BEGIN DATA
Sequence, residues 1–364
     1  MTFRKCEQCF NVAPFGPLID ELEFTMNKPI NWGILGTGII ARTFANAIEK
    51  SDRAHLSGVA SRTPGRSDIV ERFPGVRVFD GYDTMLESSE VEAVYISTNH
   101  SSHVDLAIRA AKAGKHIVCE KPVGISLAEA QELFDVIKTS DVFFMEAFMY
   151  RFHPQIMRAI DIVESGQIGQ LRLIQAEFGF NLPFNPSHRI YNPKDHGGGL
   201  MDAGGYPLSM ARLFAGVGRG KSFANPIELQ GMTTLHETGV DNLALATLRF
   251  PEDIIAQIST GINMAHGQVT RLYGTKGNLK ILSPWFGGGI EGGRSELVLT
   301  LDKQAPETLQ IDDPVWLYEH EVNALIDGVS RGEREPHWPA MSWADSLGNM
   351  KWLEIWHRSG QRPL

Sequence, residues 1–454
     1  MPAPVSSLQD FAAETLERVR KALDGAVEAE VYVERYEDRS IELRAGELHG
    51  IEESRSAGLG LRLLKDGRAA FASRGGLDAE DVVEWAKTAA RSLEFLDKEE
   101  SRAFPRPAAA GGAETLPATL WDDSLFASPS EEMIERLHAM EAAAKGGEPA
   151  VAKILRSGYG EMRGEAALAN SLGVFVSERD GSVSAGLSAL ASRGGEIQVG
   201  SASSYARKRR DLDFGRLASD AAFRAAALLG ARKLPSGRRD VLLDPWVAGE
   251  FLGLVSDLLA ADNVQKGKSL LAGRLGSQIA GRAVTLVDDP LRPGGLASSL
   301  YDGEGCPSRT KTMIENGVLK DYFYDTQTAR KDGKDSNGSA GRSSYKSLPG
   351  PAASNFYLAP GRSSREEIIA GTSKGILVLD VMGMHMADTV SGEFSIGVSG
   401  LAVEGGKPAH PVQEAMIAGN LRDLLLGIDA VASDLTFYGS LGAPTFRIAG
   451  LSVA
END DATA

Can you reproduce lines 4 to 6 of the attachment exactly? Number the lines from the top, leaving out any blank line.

   101  SSHVDLAIRA AKAGKHIVCE KPVGISLAEA QELFDVIKTS DVFFMEAFMY
   151  RFHPQIMRAI DIVESGQIGQ LRLIQAEFGF NLPFNPSHRI YNPKDHGGGL
   201  MDAGGYPLSM ARLFAGVGRG KSFANPIELQ GMTTLHETGV DNLALATLRF